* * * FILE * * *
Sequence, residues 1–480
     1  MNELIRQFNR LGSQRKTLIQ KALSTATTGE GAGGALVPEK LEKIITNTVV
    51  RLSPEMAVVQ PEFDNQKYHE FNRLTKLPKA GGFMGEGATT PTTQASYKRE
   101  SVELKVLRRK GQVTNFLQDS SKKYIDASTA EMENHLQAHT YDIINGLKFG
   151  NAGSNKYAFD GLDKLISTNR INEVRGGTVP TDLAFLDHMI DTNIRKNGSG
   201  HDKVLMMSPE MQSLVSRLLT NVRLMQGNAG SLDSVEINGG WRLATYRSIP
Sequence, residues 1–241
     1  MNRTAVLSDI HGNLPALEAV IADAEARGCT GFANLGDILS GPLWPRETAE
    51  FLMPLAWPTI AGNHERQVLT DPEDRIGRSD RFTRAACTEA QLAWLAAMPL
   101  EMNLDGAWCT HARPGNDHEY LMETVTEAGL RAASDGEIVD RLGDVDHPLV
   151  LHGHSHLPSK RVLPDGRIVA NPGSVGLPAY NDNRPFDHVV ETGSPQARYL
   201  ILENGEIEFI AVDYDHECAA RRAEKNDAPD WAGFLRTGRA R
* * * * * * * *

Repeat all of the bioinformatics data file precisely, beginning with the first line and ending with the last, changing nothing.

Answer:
Sequence, residues 1–480
     1  MNELIRQFNR LGSQRKTLIQ KALSTATTGE GAGGALVPEK LEKIITNTVV
    51  RLSPEMAVVQ PEFDNQKYHE FNRLTKLPKA GGFMGEGATT PTTQASYKRE
   101  SVELKVLRRK GQVTNFLQDS SKKYIDASTA EMENHLQAHT YDIINGLKFG
   151  NAGSNKYAFD GLDKLISTNR INEVRGGTVP TDLAFLDHMI DTNIRKNGSG
   201  HDKVLMMSPE MQSLVSRLLT NVRLMQGNAG SLDSVEINGG WRLATYRSIP
Sequence, residues 1–241
     1  MNRTAVLSDI HGNLPALEAV IADAEARGCT GFANLGDILS GPLWPRETAE
    51  FLMPLAWPTI AGNHERQVLT DPEDRIGRSD RFTRAACTEA QLAWLAAMPL
   101  EMNLDGAWCT HARPGNDHEY LMETVTEAGL RAASDGEIVD RLGDVDHPLV
   151  LHGHSHLPSK RVLPDGRIVA NPGSVGLPAY NDNRPFDHVV ETGSPQARYL
   201  ILENGEIEFI AVDYDHECAA RRAEKNDAPD WAGFLRTGRA R